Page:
New York State will be hiring an additional 26 forensic scientists in order to catch up on a state backlog of thousands of untested sexual assault kits. It has not yet been stated exactly when these hires will be made, but New York State Police Superintendent George Beach recently told state lawmakers that his agency already has approval to make the hires.
SUNY New Paltz sociology professor Eve Waltermaurer, who is teaching a course this semester titled “Violence Against Women,” spoke in favor of the hires.
“I think it’s safe to say anything that improves the process would be a plus,” she said. “During this time that women have to wait for their trial to be seen through they could be exposed to violence, decide to retract [their accusation] or disappear. Any effort to make this process as speedy as possible would be great.”
These hires are being made in addition to a bill signed into law by Gov. Andrew Cuomo last November requiring police and prosecutorial agencies to submit untested sexual assault kits to appropriate forensic laboratories for testing. New kits received after the passing of this law must be sent within 10 days of their receipt, while kits already in possession prior to the law’s passing must be submitted within 30 days. Police and prosecutorial agencies originally had 180 days to submit old sexual assault kits, however this time allocation was reduced following amendments made on Dec. 23, 2016.
Forensic laboratories are also being given more stringent deadlines, as the new law gives labs 90 days to create eligible profiles for potential perpetrators to be put into the criminal justice DNA databases based off the evidence from tested kits.
The exact number of backlogged sexual assault kits is currently unclear, however the new law dictates all police and prosecutorial agencies in possession of any sexual assault kits must inventory them and report the total number to the forensic laboratory that will be testing them by March 1, 2017. This process will then be repeated on a monthly basis thereafter.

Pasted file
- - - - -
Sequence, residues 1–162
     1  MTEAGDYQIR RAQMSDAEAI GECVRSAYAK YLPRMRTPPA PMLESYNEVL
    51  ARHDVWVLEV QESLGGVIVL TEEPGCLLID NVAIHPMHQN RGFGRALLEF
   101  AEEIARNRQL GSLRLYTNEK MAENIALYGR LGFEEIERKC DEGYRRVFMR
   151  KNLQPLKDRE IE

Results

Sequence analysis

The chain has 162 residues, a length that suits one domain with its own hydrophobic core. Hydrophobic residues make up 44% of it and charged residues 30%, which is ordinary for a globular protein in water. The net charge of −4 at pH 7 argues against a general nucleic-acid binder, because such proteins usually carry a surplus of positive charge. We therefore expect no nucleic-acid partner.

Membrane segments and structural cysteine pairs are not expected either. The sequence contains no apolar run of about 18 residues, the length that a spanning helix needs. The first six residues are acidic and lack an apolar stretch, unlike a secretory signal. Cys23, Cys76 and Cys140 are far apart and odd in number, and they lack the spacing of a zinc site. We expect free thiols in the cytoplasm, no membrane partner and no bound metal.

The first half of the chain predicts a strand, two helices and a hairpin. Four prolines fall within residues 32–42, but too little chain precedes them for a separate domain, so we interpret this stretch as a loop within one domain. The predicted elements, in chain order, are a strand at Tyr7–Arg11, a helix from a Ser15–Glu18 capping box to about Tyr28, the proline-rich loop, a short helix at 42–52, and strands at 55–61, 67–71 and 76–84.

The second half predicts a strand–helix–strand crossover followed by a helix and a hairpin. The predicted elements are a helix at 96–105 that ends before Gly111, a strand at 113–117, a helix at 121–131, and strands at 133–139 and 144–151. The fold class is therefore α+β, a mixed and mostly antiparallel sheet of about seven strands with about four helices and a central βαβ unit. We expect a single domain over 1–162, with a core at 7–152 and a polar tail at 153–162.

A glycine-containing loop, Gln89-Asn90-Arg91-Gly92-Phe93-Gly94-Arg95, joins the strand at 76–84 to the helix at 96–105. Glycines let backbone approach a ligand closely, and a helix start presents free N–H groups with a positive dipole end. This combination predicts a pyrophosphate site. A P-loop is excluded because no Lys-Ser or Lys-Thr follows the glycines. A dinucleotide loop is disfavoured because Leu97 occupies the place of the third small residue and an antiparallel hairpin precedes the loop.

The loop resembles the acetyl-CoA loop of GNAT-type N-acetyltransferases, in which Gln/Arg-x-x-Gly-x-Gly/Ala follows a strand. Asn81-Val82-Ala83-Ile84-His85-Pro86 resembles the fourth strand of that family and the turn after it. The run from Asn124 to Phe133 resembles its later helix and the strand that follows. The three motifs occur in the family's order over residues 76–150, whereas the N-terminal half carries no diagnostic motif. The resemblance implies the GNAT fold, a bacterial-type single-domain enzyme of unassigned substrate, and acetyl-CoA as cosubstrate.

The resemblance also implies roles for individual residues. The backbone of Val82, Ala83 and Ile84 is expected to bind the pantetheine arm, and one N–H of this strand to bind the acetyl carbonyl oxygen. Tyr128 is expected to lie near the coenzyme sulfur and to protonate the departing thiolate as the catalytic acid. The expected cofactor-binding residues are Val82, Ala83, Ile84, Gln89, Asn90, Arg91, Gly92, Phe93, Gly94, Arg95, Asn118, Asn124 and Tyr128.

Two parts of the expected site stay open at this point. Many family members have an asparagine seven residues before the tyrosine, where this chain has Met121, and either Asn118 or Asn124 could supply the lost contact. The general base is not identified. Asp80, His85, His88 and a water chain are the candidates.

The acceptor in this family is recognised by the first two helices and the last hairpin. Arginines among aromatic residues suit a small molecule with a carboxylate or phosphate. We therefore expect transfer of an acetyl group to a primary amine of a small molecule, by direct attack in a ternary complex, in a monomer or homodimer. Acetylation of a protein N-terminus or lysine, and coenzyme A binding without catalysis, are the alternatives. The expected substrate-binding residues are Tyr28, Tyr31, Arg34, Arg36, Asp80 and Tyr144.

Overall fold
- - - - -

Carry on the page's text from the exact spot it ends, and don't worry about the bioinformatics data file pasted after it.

In attempts to bolster the process of testing sexual assault kits further, a New York State bill, created on Jan. 20, 2017, authorizes the division of criminal justice services to create a system that tracks the location and status of sexual assault kits throughout the criminal justice system. This bill will also require semi-annual reports to Cuomo and legislature.
While these legislative changes remain integral to the process of testing sexual assault kits, Waltermaurer believes there are other steps that should have been taken first.
“A better first step might be to figure out what we can do for these women, even without the evidentiary proof. It’s a structural change,” she said. “Make the assumption that they’re telling the truth, that this woman has been harmed, needs help and needs to feel safe. Make the assumption that it really did occur in terms of taking care of her and then you can deal with the evidence to figure out what to do with the potential perpetrator. You’re not an offender until you’re found guilty, but you are a victim immediately.”